King Hop

We had been there several hours at that stage, so we decided to let Bruno get home, the couple of other brewers he employs had long since left. I picked up a bottle of Re Hop (King Hop) to take back to the hotel with me, since it’s one of their best sellers. I can easily see why. It’s a 5% moderately hopped golden ale, in fact it’s extremely pale. The malt base is Pils, and I would guess not much else. The hopping is a mixture between the signature American Cascade flavour, and some late German Perle addition. It poured with a frothy, lasting head, and it was a little cloudy. It reminded me of some of the modern hoppy Belgian pales that the likes of Senne are producing. It had a very dry finish, due to the minimal crystal character. I found the European/American hop balance very pleasant. The beer wasn’t even cold, but 75cl seemed to disappear quite fast – drinkability topped the agenda once more. It was a lovely way to finish a great day, I really enjoyed meeting Bruno, seeing the gear, the beer, and the barrels. I think they’re doing something really special over there, and I hope they make it up in our direction soon. Importers take note!

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Petrus: A Barrel Aged Pale

Petrus Aged Pale

Bavik is an old fashioned Belgian brewery, and Petrus (7.3%) is an old fashioned beer. It is, according to Bavik, an ‘undiluted’ old beer. It is aged in wooden vats, which judging by smell are funkier than if Bootsy Collins, George Clinton and the whole Parliament-Funkadelic ensemble got together and made some extra smelly blue cheese. It’s a dark golden amber colour, the head doesn’t last much. I was surprised given the smell that it wasn’t more sour, now don’t get me wrong, it is sour, but it’s not Cantillon sour; perhaps it’s more that it doesn’t finish dry, it’s not especially puckering. It is similar to red sour Flemish beers like Rodenbach and Vichtenaar, it has that same almost balsamic sweetness coming through, it could be the oak I think that given the fact that it doesn’t finish that dry, it could have been more highly carbonated, as it is the gas is weak, and it sits a little flat in your mouth. I love this flemish sour thing though, and this is a really nice example.

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Three Men and a Little Barrel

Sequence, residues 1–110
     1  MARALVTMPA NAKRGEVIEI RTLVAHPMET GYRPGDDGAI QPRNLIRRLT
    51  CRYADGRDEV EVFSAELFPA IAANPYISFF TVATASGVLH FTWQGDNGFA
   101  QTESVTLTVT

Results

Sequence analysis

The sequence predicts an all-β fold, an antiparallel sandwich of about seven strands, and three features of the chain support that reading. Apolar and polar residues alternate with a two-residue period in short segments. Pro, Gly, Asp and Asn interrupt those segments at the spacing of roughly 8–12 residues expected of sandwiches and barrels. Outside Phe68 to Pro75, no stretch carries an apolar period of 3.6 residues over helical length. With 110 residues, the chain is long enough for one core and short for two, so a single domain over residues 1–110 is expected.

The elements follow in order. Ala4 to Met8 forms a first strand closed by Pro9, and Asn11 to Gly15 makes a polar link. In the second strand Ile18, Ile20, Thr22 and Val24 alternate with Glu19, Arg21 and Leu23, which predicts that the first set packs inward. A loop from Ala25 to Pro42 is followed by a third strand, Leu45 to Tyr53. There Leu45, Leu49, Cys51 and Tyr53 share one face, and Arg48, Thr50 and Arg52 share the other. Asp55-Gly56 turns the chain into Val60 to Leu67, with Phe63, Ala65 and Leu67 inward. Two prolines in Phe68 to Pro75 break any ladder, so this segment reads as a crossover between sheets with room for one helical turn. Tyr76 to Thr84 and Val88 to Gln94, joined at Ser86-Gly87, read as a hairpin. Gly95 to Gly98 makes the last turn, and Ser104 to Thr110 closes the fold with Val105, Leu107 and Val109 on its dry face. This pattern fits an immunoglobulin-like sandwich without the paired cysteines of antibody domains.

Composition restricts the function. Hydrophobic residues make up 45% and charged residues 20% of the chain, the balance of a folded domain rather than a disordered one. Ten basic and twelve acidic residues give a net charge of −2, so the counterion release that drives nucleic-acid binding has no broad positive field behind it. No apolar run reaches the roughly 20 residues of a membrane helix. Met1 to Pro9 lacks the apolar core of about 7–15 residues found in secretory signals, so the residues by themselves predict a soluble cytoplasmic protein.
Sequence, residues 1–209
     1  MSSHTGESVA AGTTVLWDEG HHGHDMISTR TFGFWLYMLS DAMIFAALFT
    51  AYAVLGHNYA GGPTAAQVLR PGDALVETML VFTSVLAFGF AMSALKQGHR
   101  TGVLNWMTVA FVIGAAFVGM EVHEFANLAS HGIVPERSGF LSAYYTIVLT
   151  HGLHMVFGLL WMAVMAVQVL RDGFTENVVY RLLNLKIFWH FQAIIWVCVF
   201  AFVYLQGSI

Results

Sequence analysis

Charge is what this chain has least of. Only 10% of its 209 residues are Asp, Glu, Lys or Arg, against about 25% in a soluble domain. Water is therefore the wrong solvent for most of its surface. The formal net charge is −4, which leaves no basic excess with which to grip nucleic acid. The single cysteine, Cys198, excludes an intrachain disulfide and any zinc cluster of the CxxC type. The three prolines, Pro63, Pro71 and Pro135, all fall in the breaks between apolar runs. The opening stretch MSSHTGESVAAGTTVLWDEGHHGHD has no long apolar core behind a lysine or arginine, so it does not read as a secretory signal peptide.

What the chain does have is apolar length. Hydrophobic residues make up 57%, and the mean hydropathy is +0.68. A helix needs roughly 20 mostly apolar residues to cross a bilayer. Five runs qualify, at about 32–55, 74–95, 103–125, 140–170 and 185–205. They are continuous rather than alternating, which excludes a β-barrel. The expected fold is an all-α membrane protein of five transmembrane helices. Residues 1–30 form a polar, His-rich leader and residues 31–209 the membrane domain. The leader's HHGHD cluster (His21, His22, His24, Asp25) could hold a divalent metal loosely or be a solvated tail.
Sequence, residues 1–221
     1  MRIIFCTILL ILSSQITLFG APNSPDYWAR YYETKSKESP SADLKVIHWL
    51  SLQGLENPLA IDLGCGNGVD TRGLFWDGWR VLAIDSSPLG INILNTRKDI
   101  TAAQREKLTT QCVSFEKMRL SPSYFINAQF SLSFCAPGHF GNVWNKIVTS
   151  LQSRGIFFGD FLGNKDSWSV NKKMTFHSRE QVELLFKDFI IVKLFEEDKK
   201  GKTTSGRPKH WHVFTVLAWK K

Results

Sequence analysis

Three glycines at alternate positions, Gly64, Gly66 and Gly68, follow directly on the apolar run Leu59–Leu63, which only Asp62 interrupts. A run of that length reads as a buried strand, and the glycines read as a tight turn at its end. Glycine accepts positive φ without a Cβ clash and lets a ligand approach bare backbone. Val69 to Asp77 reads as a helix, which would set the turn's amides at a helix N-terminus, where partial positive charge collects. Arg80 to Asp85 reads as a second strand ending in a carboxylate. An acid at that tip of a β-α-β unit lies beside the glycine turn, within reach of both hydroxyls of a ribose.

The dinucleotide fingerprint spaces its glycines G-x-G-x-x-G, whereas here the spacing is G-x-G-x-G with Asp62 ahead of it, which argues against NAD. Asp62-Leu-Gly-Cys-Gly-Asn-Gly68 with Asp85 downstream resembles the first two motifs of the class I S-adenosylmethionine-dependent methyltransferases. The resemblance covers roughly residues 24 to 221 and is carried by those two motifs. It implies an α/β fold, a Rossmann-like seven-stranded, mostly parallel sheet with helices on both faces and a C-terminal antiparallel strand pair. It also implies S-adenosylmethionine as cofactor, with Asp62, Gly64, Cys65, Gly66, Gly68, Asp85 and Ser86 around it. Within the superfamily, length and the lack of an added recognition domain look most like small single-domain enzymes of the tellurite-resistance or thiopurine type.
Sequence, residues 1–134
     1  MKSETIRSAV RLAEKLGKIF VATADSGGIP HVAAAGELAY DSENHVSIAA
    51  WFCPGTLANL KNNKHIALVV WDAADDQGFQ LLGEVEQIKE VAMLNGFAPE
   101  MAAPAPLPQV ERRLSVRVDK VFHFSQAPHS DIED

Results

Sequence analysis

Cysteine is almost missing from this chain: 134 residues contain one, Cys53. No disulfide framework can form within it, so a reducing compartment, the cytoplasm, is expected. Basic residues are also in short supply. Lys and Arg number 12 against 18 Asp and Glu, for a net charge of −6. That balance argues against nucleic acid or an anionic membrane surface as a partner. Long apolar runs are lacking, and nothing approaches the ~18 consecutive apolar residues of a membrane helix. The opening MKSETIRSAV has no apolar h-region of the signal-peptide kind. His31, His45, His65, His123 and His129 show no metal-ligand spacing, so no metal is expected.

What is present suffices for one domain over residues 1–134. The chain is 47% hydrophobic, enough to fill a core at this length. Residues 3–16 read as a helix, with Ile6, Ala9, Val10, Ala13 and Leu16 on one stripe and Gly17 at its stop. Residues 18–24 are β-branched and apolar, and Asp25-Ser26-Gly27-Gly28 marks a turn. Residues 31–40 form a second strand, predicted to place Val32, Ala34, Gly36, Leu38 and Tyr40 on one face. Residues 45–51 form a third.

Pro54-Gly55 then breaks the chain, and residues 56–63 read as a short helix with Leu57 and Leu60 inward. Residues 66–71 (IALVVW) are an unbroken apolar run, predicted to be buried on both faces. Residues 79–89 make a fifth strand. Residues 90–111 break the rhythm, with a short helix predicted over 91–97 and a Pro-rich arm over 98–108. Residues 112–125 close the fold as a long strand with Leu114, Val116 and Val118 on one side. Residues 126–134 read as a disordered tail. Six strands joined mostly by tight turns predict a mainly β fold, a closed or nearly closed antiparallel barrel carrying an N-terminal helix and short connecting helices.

Decommissioning the barrel at an undisclosed location in Naas, Southern Eire.

Finally, closure on our Epic project. A little over a month ago, Kev, Peter and I gathered in Naas to bring forth the fruits of our labour, the beer that we now call Diogenes, and described in several previous previous posts . After a gestation period of about 4 months, we each filled two 20L containers to bottle at our leisure, and we bottled the remaining 50L or so there and then, on a freezing day in January.

Diogenes finished at an Epic 11.5% ABV, which means it attenuated even further in the barrel, gaining an extra point ABV since it went in. Tasting it, we were very excited. Obviously putting something in a wooden barrel and leaving it you take your chances, but there was not a hint of funk about the beer. Tasting it alongside a pre-barrel bottle you could discern a real smoothness about it, the angular, almost rough taste points in the pre-barrel beer, the harsh roastiness from the excessive amount of black malt had all vanished. The whiskey was obvious. The oak’s vanilla was a beautiful accompaniment to the imperial stout flavours, and of course in the glass it is a thing of beauty, thick and black and velvet, it stains the glass brown as you swirl it up the sides.  We all agreed (to unashamedly blow our own trumpets) that this may be one of the best beers we have tasted, let alone brewed.

With a beer that clocks in that high, we decided we’d need to reseed the yeast, that is, introduce new yeast at bottling time in case the yeast already in the beer had either dropped out of suspension (perfectly possible after 4 months in the freezing cold), or else had just plain died due to the high alcohol content. If this happened, it would not be possible to bottle condition the beer (i.e. carbonate it), and so it would be flat. We reseeded 2 packets of safale s05 dry yeast for the 50l we bottled on the day, which is a high reseed level, I estimated it was over 3 million cells per ml. It is common practice for the stronger belgian beers to be reseeded at bottling time for this same reason, and 3m cells per ml is on the higher end of the scale, so when I came to bottle my own portion I used considerably less, which seems to have worked nicely. We didn’t want too much carbonation for this beer, as the almost syrupy black consistency is rather pleasant when undercarbonated. I bottled the majority of the beer in small bottles, and a number of them in large bottles which I corked, and I intend to keep for some time. I wasn’t one to muck around with the final product, being a purist, but Kev, who thinks he must be an Irish Sam Calagione or something decided to steep some of his on raspberries, and he says it’s great, but I haven’t had any yet *hint hint*.

We’re so happy to have seen this project through, and even happier that all our effort paid off so well. Everyone who has tasted this beer loves it, and it was a big hit with the other homebrewers at the Beoir January tasting session at the Bull and Castle pub in Dublin. It’s the end of a great adventure, and the only question is, what goes in the barrel next? Answers on a postcard please.